Staking A False Claim

One of the worst pieces of advice I hear floating around the online business world is, “Stake your claim.”  This is where someone basically decides to give themselves an illustrious title that means nothing and can’t be verified.  The notion is predicated on the idea that if you keep saying it enough, other people will repeat it and some people will believe it, so, therefore, it becomes true.

Rubbish.  Not true.

I got an email today where someone said they are referred to by others as the “World’s Greatest” expert in their field.  I’ve never heard this person referred to by anyone as anything, never mind an expert in this area let alone the “World’s Greatest”.  This is a case of enough people telling this individual to “stake his claim” and he believed them.  Worse, he did it badly and came off looking like a dumb ass.

If your mom and your spouse refer to you as the greatest in the world at something, that doesn’t count.  If it did, I’d be the “World’s Greatest” at some things that I’d be pretty proud of and in fact, I’d probably have t-shirts made and hand them out to strangers in the middle of Sydney.

It’s like those people who post those pictures of themselves with “As seen on…” and a whole bunch of television outlets.  They’ve merely bought a press release that got auto-posted to a website belonging to the Fox affiliate in Chattanooga, they weren’t on Fox News.  Unless Bill O’Reilly interviewed you while Sean Hannity rode around the studio on Neil Cavuto’s back during your segment AND you have the video to prove it, don’t say you appeared on Fox News when you really haven’t.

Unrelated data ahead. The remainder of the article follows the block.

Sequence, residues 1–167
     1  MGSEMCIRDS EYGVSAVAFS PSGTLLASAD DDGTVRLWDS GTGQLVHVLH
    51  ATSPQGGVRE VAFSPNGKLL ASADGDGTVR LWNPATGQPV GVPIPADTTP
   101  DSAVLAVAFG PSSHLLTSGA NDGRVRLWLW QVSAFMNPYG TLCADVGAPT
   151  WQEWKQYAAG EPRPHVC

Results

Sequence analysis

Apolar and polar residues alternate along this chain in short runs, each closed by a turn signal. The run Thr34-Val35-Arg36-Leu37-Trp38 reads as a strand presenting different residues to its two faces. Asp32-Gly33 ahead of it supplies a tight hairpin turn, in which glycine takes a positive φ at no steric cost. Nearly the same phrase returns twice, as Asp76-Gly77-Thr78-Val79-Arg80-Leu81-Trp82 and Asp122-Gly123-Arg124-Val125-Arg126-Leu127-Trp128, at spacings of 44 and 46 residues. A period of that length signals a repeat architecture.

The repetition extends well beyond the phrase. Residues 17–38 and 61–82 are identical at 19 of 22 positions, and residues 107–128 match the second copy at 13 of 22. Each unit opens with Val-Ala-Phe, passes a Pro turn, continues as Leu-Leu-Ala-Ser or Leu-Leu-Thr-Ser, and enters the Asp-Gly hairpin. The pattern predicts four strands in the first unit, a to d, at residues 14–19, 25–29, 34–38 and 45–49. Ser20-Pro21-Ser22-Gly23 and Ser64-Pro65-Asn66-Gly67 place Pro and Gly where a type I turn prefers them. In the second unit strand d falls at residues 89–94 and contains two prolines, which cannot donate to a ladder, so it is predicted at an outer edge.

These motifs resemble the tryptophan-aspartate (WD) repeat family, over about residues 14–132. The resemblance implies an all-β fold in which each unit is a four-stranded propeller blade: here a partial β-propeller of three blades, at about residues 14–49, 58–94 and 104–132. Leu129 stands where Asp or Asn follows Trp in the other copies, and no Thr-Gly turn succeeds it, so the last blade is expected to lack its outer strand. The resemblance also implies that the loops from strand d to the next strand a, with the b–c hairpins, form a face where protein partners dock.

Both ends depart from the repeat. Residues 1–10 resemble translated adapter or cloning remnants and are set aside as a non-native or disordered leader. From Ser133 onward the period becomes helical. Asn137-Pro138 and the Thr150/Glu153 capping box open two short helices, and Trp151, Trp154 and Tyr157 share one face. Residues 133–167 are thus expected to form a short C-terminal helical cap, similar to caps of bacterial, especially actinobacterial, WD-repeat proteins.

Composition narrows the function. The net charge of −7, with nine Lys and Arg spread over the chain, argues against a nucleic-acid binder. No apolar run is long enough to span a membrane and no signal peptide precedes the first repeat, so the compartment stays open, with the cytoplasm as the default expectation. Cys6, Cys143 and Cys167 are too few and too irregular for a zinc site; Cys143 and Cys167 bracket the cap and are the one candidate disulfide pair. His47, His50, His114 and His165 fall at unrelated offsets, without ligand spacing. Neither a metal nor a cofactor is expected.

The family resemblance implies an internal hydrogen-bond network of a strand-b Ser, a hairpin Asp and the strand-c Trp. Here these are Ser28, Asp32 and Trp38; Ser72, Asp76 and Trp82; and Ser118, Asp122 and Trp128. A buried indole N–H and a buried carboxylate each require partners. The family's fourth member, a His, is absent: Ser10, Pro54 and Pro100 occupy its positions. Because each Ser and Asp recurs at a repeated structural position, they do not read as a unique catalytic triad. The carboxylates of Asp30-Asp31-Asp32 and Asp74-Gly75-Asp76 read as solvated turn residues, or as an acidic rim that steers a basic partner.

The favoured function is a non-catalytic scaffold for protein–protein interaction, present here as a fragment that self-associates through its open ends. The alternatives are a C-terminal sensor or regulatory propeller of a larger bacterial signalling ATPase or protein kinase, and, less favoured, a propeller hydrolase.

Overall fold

Come to think of it, you may not ever want to say you’ve appeared on Fox News, even if you had, but that’s a different story.

Onwards and upwards…

I think humility is important.  It’s not sexy from a marketing perspective and being humble probably means you miss out on some opportunities.  On the other hand, you don’t look like the lead paddler of the douche canoe, so I think that’s a pretty good trade.

Being a legend in your own mind is actually really dangerous.  I see people running around all the time telling people how awesome they are and in the background, they’re quietly asking for help from people to teach them how to walk and chew gum at the same time.  The problem it causes is that you end up behaving in a way to fuel your own ego which inevitably will lead to poor decisions.

You exacerbate that problem when you tell everyone else how awesome you are because then you have to live up to that billing.  Instead of making smart decisions, you make showy decisions designed to draw more attention to yourself.  This just throws the spotlight on your own stupidity.

Being an attention whore is one of those things in life that seems good at the time while you’re basking in the warm glow of the spotlight, but what you’re really doing is placing a large target on your own back.  Everyone wants to tear down the Kardashians because they’re talentless attention seekers that bask in the spotlight too much.

Don’t be a Kardashian.

I prefer to be a good human being and do my own thing without having to give myself some grandiose title.  Call me crazy, but I value doing good work and being a decent human being above being “internet famous” for something that I made up about myself.

When other people begin to refer to you by a moniker of respect and admiration, that’s worth so much more.  I’ll give you a couple of examples from copywriting circles.  John Carlton is universally referred to as a “legend” of direct response copywriting and Gary Bencivenga is often called the “World’s Greatest Living Copywriter”.  Do you think either of these two gentlemen needed to “stake their claim” to those titles?  Of course not and as a result, they carry more weight.

Maybe I’m crazy, but I think you should earn things in life.  Promotions, success and accolades from your peers and colleagues, those are things you earn, not things you claim.  And when you earn them, they mean more not just to you, but to other people.

So ignore this nonsense people tell you that it’s “good positioning” to anoint yourself as something in your field to give yourself extra gravitas.  If you want to be known in your industry, do something valuable that’s worthy of people talking about with respect.

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